The Viking History of Limerick

The earliest record of vikings at Limerick is in 845, reported by the Annals of Ulster, and there are intermittent reports of vikings in the region later in the 9th century.[6] Permanent settlement on the site of modern Limerick had begun by 922.[7] In that year a Viking jarl or prince called Tomrair mac Ailchi—Thórir Helgason—led the Limerick fleet on raids along the River Shannon, from the lake of Lough Derg to the lake of Lough Ree, pillaging ecclesiastical settlements. Two years later, the Dublin vikings led by Gofraid ua Ímair attacked Limerick, but were driven off.[8] The war between Dublin and Limerick continued until 937 when the Dubliners, now led by Gofraid’s son Amlaíb, captured Limerick’s king Amlaíb Cenncairech and for some reason destroyed his fleet.[9] However, no battle is actually recorded and so a traditional interpretation has been that Amlaíb mac Gofraid was actually recruiting Amlaíb of Limerick for his upcoming conflict with Athelstan of England,[10] which would turn out be the famous Battle of Brunanburh. The 920s and 930s are regarded as the height of Norse power in Ireland and only Limerick rivalled Dublin during this time.

The last Norse king of Limerick was Ivar of Limerick, who features prominently as an enemy of Mathgamain mac Cennétig and later his famous brother Brian Boru in the Cogad Gáedel re Gallaib.[11] He and his allies were defeated by the Dál gCais, and after slaying Ivar Brian would annexe Norse Limerick and begin to make it the new capital of his kingdom. The power of the Norsemen never recovered, and they reduced to the level of a minor clan; however, they often played pivotal parts in the endless power struggles of the next few centuries.

Brian Boru’s son, Donough, was routed by Diarmait mac Maíl na mBó in the year 1058 when Limerick was burned, a punishment he repeated five years later. A year later Diarmait beat Donough again forcing him to flee overseas and installing Turlough instead.[12] Obviously Limerick was of great importance as evidenced by being a contentious issue between neighbouring chieftains and foreigners who burned and pillaged the city.[13] Brian Boru’s sons were usually called Kings of north Munster though their reigns were rather disturbed until 1164 when Donnchad mac Briain became King of Munster. His reign was successful, founding monasteries and nunneries, constructing several monuments, including a church on the Rock of Cashel, and in his grant bestowing his Limerick Gothic palace to the church he styled himself King of Limerick.[13] However the Danes were still a powerful force who were able to obtain four sequential Danish bishops concentrated by the Archbishop of Canterbury not subservient to the See of Cashel.[13]

The arrival of the Normans to the area in 1173 changed everything. Domnall Mór Ua Briain, the last styled King of Limerick, burned the City to the ground in 1174 in a bid to keep it from the hands of the new invaders. After he died in 1194, the Normans finally captured the area in 1195, under the leadership of Prince John. In 1197, King Richard I of England granted the city its first charter,[4] and its first Mayor, Adam Sarvant, ten years before London.[14] A castle, built on the orders of King John and bearing his name, was completed around 1200. Under the general peace imposed by Norman rule, Limerick prospered as a port and trading centre. By this time the city was divided into an area which became known as “English Town” on King’s Island surrounded by high walls, while another settlement, named “Irish Town”, where the Irish and Danes lived, had grown on the south bank of the river. In 1216 King John further granted the areas North (as far as a tributary of the Shannon) and South of the River to City to be known as the “Northern” and “Southern” Liberties. Around 1395 construction started on walls around Irishtown that were not completed until the end of the 15th century.[15]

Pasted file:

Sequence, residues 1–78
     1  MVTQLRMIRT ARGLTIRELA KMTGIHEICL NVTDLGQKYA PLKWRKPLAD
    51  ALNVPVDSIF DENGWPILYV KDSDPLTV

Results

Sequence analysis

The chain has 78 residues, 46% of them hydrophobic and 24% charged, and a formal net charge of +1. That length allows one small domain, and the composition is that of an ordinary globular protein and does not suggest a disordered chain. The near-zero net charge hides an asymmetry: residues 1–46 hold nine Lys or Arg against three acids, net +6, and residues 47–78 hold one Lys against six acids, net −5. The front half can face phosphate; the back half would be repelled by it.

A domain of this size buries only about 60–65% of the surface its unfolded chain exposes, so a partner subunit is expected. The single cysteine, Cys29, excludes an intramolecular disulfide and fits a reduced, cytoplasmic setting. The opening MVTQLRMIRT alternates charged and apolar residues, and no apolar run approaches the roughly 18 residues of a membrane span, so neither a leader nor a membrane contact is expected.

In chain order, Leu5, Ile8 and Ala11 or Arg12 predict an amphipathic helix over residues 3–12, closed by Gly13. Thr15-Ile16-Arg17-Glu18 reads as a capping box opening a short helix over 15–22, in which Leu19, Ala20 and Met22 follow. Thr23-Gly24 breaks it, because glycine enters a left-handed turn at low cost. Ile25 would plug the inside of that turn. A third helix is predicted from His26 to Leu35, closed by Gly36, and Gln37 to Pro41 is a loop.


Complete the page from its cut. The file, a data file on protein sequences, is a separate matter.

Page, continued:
The city opened a mint in 1467.[15] A 1574 document prepared for the Spanish ambassador attests to its wealth:

Limerick is stronger and more beautiful than all the other cities of Ireland, well walled with stout walls of hewn marble…there is no entrance except by stone bridges, one of the two of which has 14 arches, and the other eight … for the most part the houses are of square stone of black marble and built in the form of towers and fortresses.

Luke Gernon, an English-born judge and resident of Limerick, wrote a similar description in 1620:

Lofty building of marble; in the High Street it is built from one gate to the other in a single form, like the Colleges in Oxford, so magnificent that at my first entrance it did amaze me.[16]

In the 15th and 16th centuries, Limerick became a city-state isolated from the principal area of effective English rule -the Pale. Nevertheless, the Crown remained in control throughout the succeeding centuries. During the Reformation tensions arose between those loyal to the Catholic Church and those loyal to the newly established state religion — the Church of Ireland.

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